"Sometimes you just had to walk away." That was what President Donald Trump from the United States said over and over again at the media conference.
The 2nd Kim-Trump summit was cut short without reaching an agreement, even though the president of the United States tried to decorate that fact with what he believes is a good relationship between him and DPRK leader Kim Jong Un.
But come to think about it, despite the early paparazzi, the talks were never guaranteed to be a success, to begin with. Particularly if you listened closely to the hint of caution in the DPRK leader's voice.
Now, there is a tendency in the world that the world will only hear whoever has a bigger and louder voice. In this case, it was certainly true. Particularly due to the fact that the DPRK still remains mysterious to the rest of the world.
But one has to realize that the DPRK can be more sophisticated than many in the West might dare believe. Though the country has been isolated from the rest of the world due to the nuclear crisis, it has apparently mapped out a plan for both a security guarantee and apparently economic development as well.
That might be the reason it chose to take part in these summits with the United States to begin with. That could also explain the recent multilateral interactions the DPRK has had with the Republic of Korea (ROK), China and this time, Vietnam.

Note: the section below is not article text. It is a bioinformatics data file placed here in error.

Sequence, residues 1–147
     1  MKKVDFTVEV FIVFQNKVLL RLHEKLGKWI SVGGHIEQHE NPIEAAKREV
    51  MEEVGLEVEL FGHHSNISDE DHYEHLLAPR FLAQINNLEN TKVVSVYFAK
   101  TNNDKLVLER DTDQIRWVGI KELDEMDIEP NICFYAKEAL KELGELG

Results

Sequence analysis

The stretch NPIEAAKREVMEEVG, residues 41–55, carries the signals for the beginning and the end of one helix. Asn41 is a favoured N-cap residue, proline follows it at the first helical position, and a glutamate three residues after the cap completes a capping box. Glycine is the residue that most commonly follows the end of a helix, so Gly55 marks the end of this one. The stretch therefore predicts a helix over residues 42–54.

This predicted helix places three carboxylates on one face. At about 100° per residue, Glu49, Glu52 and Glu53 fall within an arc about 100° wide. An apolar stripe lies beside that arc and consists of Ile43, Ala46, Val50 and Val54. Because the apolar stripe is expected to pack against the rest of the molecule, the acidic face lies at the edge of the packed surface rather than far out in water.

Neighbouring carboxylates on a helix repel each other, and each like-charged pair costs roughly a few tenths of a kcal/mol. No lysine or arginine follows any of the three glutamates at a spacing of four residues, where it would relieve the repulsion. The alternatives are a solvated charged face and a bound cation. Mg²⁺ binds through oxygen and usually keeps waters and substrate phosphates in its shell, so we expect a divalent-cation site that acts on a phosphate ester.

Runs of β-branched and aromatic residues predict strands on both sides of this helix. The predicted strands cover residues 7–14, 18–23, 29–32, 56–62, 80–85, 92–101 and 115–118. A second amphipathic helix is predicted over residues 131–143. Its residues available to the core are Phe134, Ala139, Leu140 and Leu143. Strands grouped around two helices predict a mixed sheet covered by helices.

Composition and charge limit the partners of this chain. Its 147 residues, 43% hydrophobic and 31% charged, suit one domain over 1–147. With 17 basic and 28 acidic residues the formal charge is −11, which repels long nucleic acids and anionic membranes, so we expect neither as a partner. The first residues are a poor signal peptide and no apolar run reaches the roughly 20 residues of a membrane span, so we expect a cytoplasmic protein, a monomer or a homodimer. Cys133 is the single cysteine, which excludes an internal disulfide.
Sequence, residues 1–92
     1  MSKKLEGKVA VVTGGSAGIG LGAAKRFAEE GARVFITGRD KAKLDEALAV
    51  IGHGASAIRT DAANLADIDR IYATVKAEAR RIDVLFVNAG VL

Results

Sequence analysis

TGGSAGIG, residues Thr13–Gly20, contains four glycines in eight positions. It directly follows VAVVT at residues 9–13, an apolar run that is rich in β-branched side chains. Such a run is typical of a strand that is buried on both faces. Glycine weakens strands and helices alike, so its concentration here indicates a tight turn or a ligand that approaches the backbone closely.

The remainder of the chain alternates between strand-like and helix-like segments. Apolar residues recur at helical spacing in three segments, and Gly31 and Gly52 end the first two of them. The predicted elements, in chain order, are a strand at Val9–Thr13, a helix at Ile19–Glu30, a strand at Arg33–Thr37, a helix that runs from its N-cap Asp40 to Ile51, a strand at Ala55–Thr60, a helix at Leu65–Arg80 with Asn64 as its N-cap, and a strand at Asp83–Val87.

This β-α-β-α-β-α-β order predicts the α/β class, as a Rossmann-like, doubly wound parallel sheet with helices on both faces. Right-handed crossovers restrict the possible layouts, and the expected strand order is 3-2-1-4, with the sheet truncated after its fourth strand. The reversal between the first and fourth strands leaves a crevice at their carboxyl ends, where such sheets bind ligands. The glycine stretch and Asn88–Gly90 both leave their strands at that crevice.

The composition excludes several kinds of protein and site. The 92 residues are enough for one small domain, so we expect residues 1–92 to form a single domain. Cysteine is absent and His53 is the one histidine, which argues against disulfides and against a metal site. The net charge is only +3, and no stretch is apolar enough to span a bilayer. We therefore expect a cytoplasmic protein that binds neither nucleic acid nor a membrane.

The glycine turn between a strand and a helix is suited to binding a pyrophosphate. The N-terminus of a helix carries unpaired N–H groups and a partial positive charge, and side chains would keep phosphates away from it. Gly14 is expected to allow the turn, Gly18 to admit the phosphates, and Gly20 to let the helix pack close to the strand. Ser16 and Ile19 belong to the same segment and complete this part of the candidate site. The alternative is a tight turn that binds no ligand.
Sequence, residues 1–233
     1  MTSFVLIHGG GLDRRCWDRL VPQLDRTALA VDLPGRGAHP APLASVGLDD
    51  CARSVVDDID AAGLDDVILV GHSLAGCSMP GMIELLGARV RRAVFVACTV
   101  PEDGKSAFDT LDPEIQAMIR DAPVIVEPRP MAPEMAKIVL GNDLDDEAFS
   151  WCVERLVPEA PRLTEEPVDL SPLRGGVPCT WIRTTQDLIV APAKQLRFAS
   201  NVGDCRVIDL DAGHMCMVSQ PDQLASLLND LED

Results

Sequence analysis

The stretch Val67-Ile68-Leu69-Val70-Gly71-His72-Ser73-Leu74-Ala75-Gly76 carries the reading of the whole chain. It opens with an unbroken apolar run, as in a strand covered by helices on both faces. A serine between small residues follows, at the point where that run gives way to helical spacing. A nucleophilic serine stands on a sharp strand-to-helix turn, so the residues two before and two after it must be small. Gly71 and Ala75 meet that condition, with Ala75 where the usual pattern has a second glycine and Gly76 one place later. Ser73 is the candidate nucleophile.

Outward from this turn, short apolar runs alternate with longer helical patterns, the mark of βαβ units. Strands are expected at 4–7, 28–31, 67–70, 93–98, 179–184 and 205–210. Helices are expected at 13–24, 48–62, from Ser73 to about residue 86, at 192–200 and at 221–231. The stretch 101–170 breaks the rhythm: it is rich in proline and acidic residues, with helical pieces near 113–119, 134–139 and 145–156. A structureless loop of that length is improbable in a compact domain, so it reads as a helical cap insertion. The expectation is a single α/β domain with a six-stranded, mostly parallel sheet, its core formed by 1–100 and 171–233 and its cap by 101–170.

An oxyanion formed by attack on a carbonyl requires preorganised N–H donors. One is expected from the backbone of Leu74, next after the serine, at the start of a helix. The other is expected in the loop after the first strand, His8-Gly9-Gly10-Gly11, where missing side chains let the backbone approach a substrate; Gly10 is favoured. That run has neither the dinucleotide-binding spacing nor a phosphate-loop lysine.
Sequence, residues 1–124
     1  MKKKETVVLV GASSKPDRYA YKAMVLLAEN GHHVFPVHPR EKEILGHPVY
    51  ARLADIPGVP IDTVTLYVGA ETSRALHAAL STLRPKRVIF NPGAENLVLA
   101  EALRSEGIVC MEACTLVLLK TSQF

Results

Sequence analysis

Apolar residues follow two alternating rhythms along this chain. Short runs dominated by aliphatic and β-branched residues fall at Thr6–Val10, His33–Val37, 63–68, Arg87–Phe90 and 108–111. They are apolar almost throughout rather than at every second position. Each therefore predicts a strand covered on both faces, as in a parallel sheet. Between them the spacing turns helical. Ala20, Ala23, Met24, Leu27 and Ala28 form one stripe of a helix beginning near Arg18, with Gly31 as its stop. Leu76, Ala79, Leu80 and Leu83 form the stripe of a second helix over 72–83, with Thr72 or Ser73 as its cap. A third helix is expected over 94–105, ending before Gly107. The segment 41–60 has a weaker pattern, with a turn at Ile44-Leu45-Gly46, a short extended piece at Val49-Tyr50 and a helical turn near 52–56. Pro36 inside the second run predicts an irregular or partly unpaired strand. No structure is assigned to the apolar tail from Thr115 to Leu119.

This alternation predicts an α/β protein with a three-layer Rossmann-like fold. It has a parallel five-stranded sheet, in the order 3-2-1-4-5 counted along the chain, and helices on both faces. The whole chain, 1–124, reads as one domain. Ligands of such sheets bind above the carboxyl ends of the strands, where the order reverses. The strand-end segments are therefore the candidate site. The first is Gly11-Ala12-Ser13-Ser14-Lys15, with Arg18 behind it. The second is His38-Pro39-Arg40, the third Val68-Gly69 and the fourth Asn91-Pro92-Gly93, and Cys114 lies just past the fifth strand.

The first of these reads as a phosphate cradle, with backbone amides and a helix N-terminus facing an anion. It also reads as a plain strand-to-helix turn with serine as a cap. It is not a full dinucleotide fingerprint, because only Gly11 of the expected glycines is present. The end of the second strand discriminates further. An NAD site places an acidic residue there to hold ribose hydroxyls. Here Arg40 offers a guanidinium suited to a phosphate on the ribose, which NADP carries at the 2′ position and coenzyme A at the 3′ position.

Secondly, lessons have been learned by all sides in navigating a nuclear crisis. Years of the six-party talks on the Korean Peninsula issue provide a template for negotiation.
Determination, patience and dialogue, not one less, all crucial for hope. It also suggests that it will take more than celebrity diplomacy and political reality show to strike a deal.
Thirdly, the world is changing fast. None of today's flashpoints can be isolated from the rest of the world.
As enthusiasm for Kim-Trump summit swept up Hanoi, the Washington showdown between Michael Cohen and his former employer and now the president of the United States was also taking place, even though the latter was far away in Southeast Asia with DPRK leader Kim Jong Un.
A deal on denuclearization could have helped the U.S. president back at home. You know it, I know it, and the people facing Trump sitting by the other side of the negotiation table also knew it, and probably only better.
The second Kim-Trump summit, without an agreement, when the curtains close on the big drama, and the heat of Hanoi is now replaced by the evening breeze, let's take a deep breath and be prepared as we need to when diving into the deep water zone in order to find a way out, out of this long-simmering crisis.
I am Tian Wei, from Hanoi.
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